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cef / GeneralUsage

This Wiki page provides an overview of CEF3 and general usage information.

Note to Editors: Changes made to this Wiki page without prior approval via the CEF Forum or Issue Tracker may be lost or reverted.



Introduction

The Chromium Embedded Framework (CEF) is an open source project based on the Google Chromium project. Unlike the Chromium project itself, which focuses mainly on Google Chrome application development, CEF focuses on facilitating embedded browser use cases in third-party applications. CEF insulates the user from the underlying Chromium and Blink code complexity by offering production-quality stable APIs, release branches tracking specific Chromium releases, and binary distributions. Most features in CEF have default implementations that provide rich functionality while requiring little or no integration work from the user. As of this article’s publication there are over 100 million installed instances of CEF around the world embedded in products from a wide range of companies and industries. A partial list of companies and products using CEF is available on the CEF Wikipedia page. Some use cases for CEF include:

  • Embedding an HTML5-compliant Web browser control in an existing native application.
  • Creating a light-weight native “shell” application that hosts a user interface developed primarily using Web technologies.
  • Rendering Web content “off-screen” in applications that have their own custom drawing frameworks.
  • Acting as a host for automated testing of existing Web properties and applications.

CEF3 is the next generation of CEF based on the multi-process Chromium Content API. Advantages to CEF3’s multi-process architecture include:

  • Improved performance and stability (JavaScript and plugins run in a separate process).
  • Support for Retina displays.
  • GPU acceleration for WebGL and 3D CSS.
  • Cool new features like WebRTC (webcam support) and speech input.
  • Better automated UI testing via the DevTools remote debugging protocol and ChromeDriver2.
  • Faster access to current and future Web features and standards.

This document introduces the general concepts involved when developing an application using CEF3.

Getting Started

Using a Binary Distribution

Binary distributions of CEF3 are available from the project Downloads page. They contain all files necessary to build a particular version of CEF3 on a particular platform (Windows, Mac OS X or Linux). No matter the platform they all share the same general structure:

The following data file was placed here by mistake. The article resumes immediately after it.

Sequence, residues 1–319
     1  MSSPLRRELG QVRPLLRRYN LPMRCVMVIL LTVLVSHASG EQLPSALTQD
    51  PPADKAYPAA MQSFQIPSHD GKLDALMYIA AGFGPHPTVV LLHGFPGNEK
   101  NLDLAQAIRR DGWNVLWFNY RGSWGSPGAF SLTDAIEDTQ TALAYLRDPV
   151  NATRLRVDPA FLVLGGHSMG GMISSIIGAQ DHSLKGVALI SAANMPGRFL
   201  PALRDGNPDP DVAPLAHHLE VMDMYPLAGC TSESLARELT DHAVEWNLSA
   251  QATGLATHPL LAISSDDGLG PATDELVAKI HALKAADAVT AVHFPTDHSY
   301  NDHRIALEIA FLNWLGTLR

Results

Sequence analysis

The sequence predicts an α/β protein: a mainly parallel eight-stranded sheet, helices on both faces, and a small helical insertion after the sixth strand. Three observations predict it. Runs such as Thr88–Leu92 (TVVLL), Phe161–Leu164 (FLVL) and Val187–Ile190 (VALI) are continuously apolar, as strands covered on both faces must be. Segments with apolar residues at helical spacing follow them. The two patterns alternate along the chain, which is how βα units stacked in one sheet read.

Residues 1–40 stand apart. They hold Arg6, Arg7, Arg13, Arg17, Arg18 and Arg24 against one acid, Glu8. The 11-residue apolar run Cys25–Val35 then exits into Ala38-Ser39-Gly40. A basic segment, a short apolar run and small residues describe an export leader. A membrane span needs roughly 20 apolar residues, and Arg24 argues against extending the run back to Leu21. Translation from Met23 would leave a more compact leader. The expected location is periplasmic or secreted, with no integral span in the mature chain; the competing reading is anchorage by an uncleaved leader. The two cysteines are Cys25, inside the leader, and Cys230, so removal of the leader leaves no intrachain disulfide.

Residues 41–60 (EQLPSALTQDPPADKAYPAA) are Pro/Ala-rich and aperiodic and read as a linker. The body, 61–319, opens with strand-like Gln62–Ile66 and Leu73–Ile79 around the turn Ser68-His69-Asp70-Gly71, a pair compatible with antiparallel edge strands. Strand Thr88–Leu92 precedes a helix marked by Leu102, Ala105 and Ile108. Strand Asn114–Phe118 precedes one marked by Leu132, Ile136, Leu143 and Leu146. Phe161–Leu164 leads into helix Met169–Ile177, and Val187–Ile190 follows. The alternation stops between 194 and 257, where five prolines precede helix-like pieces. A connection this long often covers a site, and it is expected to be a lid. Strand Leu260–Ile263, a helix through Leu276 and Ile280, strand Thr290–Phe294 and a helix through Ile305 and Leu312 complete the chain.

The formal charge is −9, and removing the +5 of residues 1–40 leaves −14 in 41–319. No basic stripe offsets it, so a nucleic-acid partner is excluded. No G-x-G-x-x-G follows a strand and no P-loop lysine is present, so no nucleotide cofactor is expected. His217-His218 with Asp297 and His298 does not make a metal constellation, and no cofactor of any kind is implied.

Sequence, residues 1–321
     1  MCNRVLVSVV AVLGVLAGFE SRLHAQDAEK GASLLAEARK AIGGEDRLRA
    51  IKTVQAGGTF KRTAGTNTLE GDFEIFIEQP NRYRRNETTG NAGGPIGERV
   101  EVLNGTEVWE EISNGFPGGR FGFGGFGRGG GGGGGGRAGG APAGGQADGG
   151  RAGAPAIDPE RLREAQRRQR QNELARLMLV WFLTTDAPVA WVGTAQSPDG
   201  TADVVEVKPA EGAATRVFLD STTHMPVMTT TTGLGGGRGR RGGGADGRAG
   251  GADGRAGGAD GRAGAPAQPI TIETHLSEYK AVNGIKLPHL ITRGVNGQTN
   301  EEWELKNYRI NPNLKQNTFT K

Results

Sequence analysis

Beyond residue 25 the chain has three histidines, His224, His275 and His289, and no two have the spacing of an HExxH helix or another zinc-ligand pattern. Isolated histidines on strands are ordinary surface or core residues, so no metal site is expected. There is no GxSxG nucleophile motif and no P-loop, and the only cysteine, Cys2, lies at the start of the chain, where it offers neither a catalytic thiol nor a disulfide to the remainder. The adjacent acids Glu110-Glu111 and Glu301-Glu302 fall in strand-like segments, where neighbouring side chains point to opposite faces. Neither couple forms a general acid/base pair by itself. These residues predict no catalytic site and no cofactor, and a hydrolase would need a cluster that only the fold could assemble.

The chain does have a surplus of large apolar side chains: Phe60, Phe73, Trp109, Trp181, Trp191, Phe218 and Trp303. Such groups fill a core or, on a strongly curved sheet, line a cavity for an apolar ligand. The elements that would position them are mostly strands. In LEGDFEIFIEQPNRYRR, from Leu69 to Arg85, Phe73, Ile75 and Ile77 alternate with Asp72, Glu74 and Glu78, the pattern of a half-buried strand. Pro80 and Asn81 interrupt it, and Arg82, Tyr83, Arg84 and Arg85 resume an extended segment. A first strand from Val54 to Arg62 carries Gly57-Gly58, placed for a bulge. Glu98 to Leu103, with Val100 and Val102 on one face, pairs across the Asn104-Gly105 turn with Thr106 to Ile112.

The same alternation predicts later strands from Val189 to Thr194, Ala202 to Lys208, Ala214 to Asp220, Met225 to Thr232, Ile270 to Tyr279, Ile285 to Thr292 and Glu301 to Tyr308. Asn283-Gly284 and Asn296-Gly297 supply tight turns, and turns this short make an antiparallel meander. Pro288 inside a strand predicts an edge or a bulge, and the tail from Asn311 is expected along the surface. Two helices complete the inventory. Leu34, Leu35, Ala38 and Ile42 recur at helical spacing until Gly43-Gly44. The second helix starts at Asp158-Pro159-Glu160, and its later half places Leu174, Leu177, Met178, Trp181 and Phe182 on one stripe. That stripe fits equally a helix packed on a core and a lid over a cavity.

• cefclient contains the cefclient sample application configured to build using the files in the binary distribution. This application demonstrates a wide range of CEF functionalities.
  • cefsimple contains the cefsimple sample application configured to build using the files in the binary distribution. This application demonstrates the minimal functionality required to create a browser window.
  • Debug contains a debug build the CEF shared library (libcef) and any other libraries required to run on the platform. This application demonstrates the minimal functionality required to create a browser window.
  • include contains all required CEF header files.
  • libcef_dll contains the source code for the libcef_dll_wrapper static library that all applications using the CEF C++ API must link against. See the “C++ Wrapper” section for more information.
  • Release contains a release build the CEF shared library (libcef) and any other libraries required to run on the platform.
  • Resources contains resources required by applications using CEF (Windows and Linux only). This includes .pak files (binary files with globbed resources) and potentially other files such depending on the platform.

Each binary distribution also contains a README.txt file that describes the platform-specific distribution in greater detail and a LICENSE.txt file that contains CEF’s BSD license. When distributing an application based on CEF you should include the license text somewhere in your application’s distribution. For example, you can list it on an “About” or “Credits” page in your application’s UI, or in the documentation bundled with your application. License and credit information is also available inside of a CEF3 browser window by loading “about:license” and “about:credits” respectively.

Applications based on CEF binary distributions can be built using standard platform build tools. This includes Visual Studio on Windows, Xcode on Mac OS X and gcc/make on Linux. The project Downloads page contains information about the OS and build tool versions required for specific binary releases. When building on Linux also pay careful attention to the listed package dependencies.

See the Tutorial Wiki page for detailed instructions on how to create a simple application using the CEF3 binary distribution.

Building from Source Code

CEF can be built from source code either locally or using automated build systems like TeamCity. This requires the download of Chromium and CEF source code via Git. The Chromium code base is quite large and building Chromium from source code is only recommended on moderately powerful machines with more than 6GB of RAM. Detailed instructions for building Chromium and CEF from source code are available on the BranchesAndBuilding Wiki page.

Sample Application